Many years ago, I attended a dinner for several hundred lawyers from around the world who were in the United States to learn about the U.S. legal system. I was seated at a table that included a few Americans, some Europeans, and a delightful lawyer from Algeria named Omar. Like most foreign lawyers who are not familiar with “the American way”, Omar was amazed by how litigious we are (“you sue over everything”), and by the multi-million dollar jury verdicts that are sometimes awarded in personal injury lawsuits. He went on to observe:
“In Algeria, if you ran over my wife with your car and killed her, you would certainly be expected to compensate me for my loss, just as you would if you had destroyed any of my other property. But it would not be multi-millions of dollars, because it would not have happened anyway, if Allah hadn’t willed it.”
There was a collective gasp and recoil reaction from the two women at the table, who couldn’t restrain themselves from sharing their judgments about what they perceived as his culture’s degrading view of women and its abuse of women’s rights. Others were less judgmental and more fascinated by his observations. In just two sentences, he had revealed a radically different world view than what is typical in most Western countries . . . a paradigm that would obviously produce a much different approach and outcome to an issue that is common to all cultures—loss due to personal injury.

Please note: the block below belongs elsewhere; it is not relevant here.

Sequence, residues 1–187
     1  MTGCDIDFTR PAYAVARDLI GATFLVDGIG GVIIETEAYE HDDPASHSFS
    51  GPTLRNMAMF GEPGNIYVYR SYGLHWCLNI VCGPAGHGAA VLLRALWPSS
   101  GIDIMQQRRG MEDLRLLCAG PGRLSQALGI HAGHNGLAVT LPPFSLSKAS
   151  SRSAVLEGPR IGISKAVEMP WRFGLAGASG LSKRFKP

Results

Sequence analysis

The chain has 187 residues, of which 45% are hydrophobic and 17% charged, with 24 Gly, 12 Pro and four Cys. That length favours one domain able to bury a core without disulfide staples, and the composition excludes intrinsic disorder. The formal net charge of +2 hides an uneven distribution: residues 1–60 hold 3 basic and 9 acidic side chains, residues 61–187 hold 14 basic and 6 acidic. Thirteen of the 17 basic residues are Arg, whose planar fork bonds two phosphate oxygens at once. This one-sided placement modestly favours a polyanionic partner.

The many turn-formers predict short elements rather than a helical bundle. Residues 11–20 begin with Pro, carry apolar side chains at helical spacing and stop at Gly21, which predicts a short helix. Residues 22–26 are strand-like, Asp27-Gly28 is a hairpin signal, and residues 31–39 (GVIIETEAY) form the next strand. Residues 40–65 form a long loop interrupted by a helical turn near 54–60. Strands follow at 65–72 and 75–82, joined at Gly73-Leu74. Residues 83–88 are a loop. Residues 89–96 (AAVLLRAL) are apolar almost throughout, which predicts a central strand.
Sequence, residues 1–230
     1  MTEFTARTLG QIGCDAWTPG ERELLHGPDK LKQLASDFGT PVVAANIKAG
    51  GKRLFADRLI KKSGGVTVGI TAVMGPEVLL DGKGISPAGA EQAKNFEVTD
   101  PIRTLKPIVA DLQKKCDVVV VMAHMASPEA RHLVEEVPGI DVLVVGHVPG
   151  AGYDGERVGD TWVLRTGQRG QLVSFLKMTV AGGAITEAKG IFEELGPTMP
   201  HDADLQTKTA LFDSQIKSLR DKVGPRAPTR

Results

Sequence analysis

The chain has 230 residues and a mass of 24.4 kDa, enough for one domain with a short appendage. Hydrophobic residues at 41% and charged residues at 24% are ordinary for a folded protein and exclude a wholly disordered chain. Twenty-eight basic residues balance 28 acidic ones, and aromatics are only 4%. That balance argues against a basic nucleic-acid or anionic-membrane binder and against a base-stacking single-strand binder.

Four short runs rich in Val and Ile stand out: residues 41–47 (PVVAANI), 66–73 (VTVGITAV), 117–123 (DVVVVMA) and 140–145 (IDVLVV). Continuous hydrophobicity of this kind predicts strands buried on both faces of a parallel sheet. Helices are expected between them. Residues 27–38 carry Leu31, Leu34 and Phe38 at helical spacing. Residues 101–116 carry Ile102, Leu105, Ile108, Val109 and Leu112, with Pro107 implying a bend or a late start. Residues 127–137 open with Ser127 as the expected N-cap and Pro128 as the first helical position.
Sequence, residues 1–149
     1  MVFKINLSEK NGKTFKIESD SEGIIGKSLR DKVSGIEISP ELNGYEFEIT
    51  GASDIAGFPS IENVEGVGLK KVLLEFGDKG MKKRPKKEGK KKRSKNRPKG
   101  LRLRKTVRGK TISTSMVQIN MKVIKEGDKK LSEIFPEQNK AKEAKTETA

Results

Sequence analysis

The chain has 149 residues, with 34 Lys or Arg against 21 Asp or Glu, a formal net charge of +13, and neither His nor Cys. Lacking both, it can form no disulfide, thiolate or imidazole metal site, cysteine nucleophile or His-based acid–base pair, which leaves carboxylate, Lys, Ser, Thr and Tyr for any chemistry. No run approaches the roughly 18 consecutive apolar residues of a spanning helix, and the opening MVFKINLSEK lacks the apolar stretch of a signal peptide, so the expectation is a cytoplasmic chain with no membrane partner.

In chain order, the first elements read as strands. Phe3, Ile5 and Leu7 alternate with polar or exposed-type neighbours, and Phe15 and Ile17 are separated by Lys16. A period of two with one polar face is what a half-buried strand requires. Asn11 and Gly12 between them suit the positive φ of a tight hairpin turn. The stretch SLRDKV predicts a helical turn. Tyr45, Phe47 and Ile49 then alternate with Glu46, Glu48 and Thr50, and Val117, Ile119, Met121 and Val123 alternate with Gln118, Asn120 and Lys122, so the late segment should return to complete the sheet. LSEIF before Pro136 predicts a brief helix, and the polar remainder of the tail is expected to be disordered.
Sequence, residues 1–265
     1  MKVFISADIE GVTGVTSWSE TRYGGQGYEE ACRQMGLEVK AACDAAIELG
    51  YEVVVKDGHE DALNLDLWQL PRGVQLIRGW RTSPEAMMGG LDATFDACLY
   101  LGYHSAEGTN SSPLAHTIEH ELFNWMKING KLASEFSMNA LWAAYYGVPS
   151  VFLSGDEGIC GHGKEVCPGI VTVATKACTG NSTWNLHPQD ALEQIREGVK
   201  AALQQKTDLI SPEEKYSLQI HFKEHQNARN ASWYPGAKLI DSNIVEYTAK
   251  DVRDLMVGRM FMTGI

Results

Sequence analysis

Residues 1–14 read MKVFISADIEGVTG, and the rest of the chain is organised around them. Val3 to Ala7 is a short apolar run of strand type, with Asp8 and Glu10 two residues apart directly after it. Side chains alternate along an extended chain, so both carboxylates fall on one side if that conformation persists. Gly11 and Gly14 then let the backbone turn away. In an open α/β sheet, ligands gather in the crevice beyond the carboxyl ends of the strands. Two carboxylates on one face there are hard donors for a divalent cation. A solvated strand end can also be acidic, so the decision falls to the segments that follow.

These types of experiences are what makes international business such an adventure. Figuring out our similarities and differences, and how those may impact our approach to a business relationship, is a fascinating journey of discovery. “Culture” encompasses such a wide range of components, including languages; religious beliefs on destiny, purpose, and suffering; expectations from personal relationships; societal structures and unspoken “rules”; laws regarding property ownership and attendant rights; perceptions of time; decision-making processes, and common understandings of when it is appropriate for individual rights to be subordinated to the good of the community. All of these factors (and many others) are collectively reflected in the thinking, judgments, motivations, and laws of the people within that culture. If you are not familiar with and sensitive to such cultural factors, you may fall into the trap of assuming that you understand your foreign counterpart’s point of view and motivations.
Getting to know your foreign counterparts will be key to enhancing your effectiveness in your engagements with them. For example, my Algerian friend’s beliefs on the role of Allah in determining one’s fate would very likely inform his views of what would be appropriate contractual remedies when nonperformance results from changed circumstances. Knowing that would help reduce the friction when negotiating such issues.
We Americans typically try to rush through the “get acquainted” phase of a business deal so we can get on with the negotiation, close the transaction, and move on to the next deal. I have found that investing time in getting to know your potential business partner will make the negotiations much easier and efficient. Although you cannot possibly grasp all the nuances of another culture during a single dinner meeting, getting acquainted in an informal social context may be very helpful to understanding your counterpart’s expectations and motivations when it comes time to discuss the business deal.